The Clermont County Public Library is offering a series of programs this fall and winter about how to create a science project. Next spring, the library will host a first-ever science fair awarding prizes for first, second and third places in the following grade categories: K-3, 4-5, 6-8 and 9-12.
Get started. Join us at one of these informational sessions to learn how to begin your project by hearing topic ideas and research strategies. Bring any questions you might have and start working on your project right away!
Data and Analysis*
Tuesday, Jan. 8, 6:30
Wednesday, Jan. 16, 4:30
New Richmond Library
Science Fair Board Preparation*
Tuesday, Feb. 5, 6:30
Wednesday, Feb. 13, 4:30
Union Township Library
Explora: Supports both student research and classroom instruction with rich, reliable content.
Kids Infobits : A great resource for young children that includes books, pictures, magazines, and news articles; provides images alongside text for ease of searching.
Science in Context: Provides contextual information on hundreds of today’s most significant science topics.
Science Reference Center: Topics covered include biology, chemistry, earth science, environmental science, science as inquiry and more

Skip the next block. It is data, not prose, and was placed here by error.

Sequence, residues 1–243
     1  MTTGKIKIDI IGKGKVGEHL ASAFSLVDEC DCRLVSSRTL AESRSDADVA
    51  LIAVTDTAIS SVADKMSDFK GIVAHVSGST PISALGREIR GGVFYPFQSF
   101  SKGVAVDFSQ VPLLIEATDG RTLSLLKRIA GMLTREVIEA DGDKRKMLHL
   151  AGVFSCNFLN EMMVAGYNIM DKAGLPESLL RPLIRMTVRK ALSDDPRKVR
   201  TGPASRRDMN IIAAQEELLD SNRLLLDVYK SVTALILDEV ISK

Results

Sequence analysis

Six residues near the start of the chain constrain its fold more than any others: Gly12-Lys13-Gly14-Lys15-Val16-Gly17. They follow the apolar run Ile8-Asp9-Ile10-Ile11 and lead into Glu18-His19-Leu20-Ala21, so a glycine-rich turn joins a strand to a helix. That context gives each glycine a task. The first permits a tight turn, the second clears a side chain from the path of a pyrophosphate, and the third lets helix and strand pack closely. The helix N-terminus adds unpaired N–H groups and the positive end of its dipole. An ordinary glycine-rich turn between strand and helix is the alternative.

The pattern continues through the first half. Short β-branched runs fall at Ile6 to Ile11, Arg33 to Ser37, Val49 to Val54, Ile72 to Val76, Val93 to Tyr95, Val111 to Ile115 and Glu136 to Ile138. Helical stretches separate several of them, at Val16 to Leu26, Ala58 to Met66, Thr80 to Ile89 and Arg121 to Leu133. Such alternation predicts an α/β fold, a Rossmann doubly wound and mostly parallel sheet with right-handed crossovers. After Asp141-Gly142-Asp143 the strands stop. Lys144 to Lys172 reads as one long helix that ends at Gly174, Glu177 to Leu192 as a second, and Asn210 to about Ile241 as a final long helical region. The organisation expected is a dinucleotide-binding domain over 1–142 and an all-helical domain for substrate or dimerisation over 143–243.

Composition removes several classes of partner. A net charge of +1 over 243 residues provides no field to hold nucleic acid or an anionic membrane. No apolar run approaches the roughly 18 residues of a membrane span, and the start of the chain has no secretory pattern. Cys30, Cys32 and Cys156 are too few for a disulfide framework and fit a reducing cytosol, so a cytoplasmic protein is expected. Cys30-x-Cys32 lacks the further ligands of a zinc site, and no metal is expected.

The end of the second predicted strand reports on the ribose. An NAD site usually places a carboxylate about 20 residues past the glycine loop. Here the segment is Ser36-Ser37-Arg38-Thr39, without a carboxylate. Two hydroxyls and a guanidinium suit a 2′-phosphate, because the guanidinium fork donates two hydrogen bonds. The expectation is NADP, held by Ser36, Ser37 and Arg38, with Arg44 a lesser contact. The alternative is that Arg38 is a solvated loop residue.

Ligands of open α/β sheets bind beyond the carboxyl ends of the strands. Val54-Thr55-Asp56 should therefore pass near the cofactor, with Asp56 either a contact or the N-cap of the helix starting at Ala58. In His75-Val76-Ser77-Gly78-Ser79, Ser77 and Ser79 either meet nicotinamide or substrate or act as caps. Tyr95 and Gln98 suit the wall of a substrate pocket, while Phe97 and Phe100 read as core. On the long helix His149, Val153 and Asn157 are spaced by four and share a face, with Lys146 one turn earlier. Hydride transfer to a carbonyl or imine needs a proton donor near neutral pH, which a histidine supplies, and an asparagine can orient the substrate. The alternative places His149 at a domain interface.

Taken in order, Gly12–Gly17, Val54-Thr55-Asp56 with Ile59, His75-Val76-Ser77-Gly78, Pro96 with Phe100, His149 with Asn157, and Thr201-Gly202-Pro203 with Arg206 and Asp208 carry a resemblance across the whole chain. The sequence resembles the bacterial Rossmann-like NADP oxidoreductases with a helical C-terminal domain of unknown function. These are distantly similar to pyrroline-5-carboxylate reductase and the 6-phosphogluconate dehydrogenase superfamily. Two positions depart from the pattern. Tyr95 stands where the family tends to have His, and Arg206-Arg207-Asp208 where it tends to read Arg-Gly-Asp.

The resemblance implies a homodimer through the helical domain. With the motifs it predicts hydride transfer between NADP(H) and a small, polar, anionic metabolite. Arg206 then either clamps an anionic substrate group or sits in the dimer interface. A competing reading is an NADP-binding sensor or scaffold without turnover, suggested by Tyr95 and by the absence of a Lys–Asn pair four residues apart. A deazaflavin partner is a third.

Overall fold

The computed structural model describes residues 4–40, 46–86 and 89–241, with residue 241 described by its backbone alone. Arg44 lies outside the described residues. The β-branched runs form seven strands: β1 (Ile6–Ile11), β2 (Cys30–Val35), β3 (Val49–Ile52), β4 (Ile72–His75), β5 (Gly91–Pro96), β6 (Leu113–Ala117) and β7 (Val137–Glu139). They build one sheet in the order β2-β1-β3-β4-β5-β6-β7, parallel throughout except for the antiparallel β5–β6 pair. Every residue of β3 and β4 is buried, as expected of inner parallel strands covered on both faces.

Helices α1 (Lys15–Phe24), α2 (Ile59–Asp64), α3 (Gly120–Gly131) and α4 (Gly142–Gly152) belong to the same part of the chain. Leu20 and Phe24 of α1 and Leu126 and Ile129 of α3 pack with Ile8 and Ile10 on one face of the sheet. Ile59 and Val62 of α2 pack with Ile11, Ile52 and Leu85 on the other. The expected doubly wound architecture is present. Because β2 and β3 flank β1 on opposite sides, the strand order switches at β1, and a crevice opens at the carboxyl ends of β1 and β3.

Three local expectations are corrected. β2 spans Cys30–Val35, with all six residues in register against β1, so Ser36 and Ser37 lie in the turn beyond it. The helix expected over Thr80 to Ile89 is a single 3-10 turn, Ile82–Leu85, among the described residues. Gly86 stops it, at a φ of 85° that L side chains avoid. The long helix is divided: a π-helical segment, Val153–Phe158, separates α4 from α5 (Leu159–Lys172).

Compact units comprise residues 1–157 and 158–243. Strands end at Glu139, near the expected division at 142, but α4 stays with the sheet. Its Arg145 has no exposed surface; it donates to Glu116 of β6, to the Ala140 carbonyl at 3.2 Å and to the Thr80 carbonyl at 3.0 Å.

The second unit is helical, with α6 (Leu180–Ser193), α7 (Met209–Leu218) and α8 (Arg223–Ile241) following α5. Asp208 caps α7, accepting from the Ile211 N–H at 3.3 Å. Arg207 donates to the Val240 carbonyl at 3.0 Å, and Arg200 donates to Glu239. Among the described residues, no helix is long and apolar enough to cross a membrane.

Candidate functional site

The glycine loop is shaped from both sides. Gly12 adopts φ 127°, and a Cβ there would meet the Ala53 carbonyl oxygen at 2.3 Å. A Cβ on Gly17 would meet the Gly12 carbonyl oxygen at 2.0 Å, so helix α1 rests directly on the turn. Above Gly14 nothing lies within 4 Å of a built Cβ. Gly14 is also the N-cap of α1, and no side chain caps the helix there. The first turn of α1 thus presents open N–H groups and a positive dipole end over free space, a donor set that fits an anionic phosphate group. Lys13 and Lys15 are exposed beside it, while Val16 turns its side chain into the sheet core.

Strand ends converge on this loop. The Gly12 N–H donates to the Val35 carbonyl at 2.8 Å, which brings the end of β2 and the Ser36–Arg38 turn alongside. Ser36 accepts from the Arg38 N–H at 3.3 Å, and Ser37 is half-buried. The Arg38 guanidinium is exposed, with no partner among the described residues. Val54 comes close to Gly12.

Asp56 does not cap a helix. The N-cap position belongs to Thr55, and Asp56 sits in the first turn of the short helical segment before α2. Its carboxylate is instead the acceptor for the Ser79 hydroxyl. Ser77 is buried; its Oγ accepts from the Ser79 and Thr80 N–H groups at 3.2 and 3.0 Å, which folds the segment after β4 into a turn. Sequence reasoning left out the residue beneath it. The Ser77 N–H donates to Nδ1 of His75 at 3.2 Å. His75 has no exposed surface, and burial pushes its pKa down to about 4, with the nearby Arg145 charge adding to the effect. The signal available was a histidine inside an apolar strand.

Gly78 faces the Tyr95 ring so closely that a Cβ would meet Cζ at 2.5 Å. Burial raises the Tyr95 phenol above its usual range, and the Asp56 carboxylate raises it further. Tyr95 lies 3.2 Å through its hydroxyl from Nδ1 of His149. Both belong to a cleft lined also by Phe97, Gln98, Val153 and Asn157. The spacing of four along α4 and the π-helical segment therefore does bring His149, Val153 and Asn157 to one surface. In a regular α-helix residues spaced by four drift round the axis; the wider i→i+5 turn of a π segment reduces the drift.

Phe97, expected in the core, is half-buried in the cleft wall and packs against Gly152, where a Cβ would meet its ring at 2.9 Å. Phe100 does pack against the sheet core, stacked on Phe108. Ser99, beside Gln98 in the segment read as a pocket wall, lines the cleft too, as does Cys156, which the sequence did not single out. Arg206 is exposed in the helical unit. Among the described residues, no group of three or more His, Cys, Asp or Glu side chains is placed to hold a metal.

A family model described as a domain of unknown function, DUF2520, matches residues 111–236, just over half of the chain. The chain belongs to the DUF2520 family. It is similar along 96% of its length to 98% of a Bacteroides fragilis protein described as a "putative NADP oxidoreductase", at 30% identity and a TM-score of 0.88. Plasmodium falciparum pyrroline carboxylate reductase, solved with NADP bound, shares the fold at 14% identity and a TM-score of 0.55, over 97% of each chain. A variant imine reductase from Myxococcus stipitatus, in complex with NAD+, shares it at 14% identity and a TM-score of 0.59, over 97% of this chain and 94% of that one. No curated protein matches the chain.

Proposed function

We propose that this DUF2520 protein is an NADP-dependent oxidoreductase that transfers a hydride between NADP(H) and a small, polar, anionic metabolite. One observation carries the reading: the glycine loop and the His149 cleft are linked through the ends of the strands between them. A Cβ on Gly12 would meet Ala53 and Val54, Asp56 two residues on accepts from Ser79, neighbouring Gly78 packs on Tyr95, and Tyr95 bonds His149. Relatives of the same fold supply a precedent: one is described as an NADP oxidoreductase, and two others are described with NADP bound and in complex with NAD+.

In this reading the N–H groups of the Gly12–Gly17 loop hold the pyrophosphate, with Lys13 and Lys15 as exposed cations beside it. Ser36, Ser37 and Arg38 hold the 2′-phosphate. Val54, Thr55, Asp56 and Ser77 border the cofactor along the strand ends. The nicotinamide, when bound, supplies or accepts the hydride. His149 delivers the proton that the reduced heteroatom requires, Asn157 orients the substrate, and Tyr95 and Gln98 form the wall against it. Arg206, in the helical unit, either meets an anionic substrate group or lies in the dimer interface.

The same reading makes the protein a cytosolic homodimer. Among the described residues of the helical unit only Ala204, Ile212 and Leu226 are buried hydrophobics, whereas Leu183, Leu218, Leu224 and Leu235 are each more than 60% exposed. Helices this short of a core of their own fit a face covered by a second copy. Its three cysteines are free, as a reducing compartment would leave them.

World Book Online Reference Center: Online version of the World Book Encyclopedia.
Championship Science Fair Projects : 100 Sure-to-Win Experiments by Sudipta Bardhan-Quallen
Quick-but-Great Science Fair Projects by Shar Levine
Sure-to-Win Science Fair Projects by Joe Rhatigan
Blue Ribbon Science Projects by Glen Vecchione
And many more at your local library!
Can I work on my science fair project with a group?
Participants in grades K-3 can submit a group project. Students in all other grades are allowed to work with a partner if they wish.
Can my project involve animals or humans?
Respect all life forms. No project that causes stress, pain, or death to an animal will be permitted. In accordance with ISEF rules, vertebrate animals and human subjects are not allowed to be used in experiments unless the following conditions are met:
- There is no interaction with the animals/humans being observed,
- The researcher does not manipulate the environment in any way, and
- Study meets all federal and state fish, game, and wildlife laws and regulations and other applicable laws.
- If the study involves observing human behavior, the project must be set in an unrestricted public setting (ex. park or shopping mall) and must not involve recording any personally identifiable information.
Compiled using Intel’s ISEF (International Science and Engineering Fair) rules
Which citation format should be used for my research?
We suggest but do not require that you use APA (American Psychological Association) format.